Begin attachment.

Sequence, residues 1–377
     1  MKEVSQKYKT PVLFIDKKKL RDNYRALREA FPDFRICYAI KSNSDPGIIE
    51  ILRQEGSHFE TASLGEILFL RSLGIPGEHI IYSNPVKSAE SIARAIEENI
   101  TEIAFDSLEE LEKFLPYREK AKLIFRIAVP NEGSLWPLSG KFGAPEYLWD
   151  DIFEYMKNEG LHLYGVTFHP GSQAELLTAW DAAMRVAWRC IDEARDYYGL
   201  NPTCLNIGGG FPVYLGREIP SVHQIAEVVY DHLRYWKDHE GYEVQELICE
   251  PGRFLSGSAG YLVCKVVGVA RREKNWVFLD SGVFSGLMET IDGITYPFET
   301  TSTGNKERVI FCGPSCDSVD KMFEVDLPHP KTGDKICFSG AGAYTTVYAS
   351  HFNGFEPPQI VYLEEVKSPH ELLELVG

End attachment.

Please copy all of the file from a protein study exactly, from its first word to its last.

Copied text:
Sequence, residues 1–377
     1  MKEVSQKYKT PVLFIDKKKL RDNYRALREA FPDFRICYAI KSNSDPGIIE
    51  ILRQEGSHFE TASLGEILFL RSLGIPGEHI IYSNPVKSAE SIARAIEENI
   101  TEIAFDSLEE LEKFLPYREK AKLIFRIAVP NEGSLWPLSG KFGAPEYLWD
   151  DIFEYMKNEG LHLYGVTFHP GSQAELLTAW DAAMRVAWRC IDEARDYYGL
   201  NPTCLNIGGG FPVYLGREIP SVHQIAEVVY DHLRYWKDHE GYEVQELICE
   251  PGRFLSGSAG YLVCKVVGVA RREKNWVFLD SGVFSGLMET IDGITYPFET
   301  TSTGNKERVI FCGPSCDSVD KMFEVDLPHP KTGDKICFSG AGAYTTVYAS
   351  HFNGFEPPQI VYLEEVKSPH ELLELVG